The methods, the preparations and the flavor stays authentic at Mohalla. We have just toned it down a bit on the spices. We concentrate on using less fat, no artificial food colouring, and the freshest ingredients. That doesn’t mean the food we serve is just like any other regular Indian restaurant. We are located at D3 and we have a mix of crowd to cater to and the menu and the recipes have been compiled and designed according to their needs.
For the most part, we tweak our dishes such that the flavours suit our local patrons. We have to keep international flavours in mind while creating a menu. At Swaad, we always aim to retain the soul of the dish and its authentic flavours while adding ingredients or sides that hold an appeal to our patrons. Every chef has a distinct cooking style and experiments with flavours to determine what works best for their establishment, while staying true to the cuisine.
Is it easy to source your
Dubai is a melting pot of cultures and cuisines, this makes it easy for the ingredients to be sourced in the local market.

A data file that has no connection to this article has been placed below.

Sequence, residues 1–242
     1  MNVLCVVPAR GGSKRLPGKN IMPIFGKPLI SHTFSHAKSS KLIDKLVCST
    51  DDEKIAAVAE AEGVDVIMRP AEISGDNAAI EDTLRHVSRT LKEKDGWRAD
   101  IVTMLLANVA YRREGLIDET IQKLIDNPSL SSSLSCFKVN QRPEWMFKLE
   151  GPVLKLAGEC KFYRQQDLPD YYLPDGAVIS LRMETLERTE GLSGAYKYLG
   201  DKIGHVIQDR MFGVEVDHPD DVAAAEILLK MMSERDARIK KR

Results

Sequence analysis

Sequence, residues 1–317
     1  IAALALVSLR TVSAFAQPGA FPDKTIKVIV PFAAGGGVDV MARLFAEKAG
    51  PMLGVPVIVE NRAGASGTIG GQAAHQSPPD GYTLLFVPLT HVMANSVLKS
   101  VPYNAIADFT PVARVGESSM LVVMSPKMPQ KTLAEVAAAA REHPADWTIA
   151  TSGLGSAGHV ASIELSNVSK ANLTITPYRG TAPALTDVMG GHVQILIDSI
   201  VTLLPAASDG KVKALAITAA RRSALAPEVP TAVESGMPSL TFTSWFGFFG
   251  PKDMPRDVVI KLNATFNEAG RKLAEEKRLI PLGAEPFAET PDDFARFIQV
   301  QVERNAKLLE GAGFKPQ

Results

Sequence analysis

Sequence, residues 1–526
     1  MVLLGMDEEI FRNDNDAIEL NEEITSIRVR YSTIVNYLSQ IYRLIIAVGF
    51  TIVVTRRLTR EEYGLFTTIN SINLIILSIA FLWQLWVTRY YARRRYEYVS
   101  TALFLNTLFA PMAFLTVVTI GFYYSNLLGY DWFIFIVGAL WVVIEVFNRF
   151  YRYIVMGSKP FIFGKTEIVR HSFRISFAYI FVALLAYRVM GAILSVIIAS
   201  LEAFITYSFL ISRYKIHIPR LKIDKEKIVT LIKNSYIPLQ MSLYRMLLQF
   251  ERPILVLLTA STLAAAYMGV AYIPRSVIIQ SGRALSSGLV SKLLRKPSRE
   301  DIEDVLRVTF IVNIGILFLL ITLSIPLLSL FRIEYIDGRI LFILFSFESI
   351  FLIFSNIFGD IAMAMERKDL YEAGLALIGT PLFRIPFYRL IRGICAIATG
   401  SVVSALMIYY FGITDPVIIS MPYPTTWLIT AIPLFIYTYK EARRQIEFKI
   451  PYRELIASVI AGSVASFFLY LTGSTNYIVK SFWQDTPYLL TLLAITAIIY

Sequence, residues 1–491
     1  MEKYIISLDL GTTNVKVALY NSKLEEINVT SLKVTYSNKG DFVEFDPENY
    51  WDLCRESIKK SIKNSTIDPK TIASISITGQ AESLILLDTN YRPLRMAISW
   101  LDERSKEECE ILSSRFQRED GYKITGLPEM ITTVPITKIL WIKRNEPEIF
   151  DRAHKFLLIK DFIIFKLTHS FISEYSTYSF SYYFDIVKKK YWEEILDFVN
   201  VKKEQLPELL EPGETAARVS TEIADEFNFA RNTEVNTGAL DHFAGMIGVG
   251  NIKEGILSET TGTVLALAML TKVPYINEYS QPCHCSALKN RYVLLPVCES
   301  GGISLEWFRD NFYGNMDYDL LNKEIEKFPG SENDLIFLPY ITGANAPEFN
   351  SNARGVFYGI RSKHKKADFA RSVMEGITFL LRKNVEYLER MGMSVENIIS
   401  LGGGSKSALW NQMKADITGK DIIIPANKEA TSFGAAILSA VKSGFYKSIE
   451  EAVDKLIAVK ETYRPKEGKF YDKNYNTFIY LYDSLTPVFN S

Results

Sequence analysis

It is quiet easy to source quality products needed to deliver a high quality and an authentic experience to our guests, however sometimes we do have limitations in sourcing certain products which we import directly from India.
The cuisine and concept are heavily inspired by India, recreating authentic flavours and dishes served in a contemporary and modern manner which would mean we have a bigger pantry to choose from, borrowing from other cuisines and cultures. Our menu has wasabi, truffles, burratta cheese, French oysters, Asian baos.
Dubai being the hub of trade and the aviation industry and having a huge Indian population it has always been easy to source ingredients but since the ingredients are sourced from different countries the quality is not consistent.
Fortunately, we are part of a country that is considering towing an iceberg from Antarctica hence sourcing ingredients indigenous to different cultures in a country like UAE is extremely easy. We try to source as many ingredients as possible locally, in order to promote sustainability, and we also have international suppliers with offices based in the UAE that help us procure speciality ingredients required by our chefs.
What are your biggest challenges?
When people from different countries having different perceptions about Indian cuisine come to dine at Bombay Brasserie. I take this as a challenge to showcase traditional Indian cuisine and use a lot of techniques which are used in Indian households to satisfy each and everyone’s palate.
The biggest challenge is to understand the ever-changing consumer behaviour and adapting to their habits and the economic factors affecting the region currently.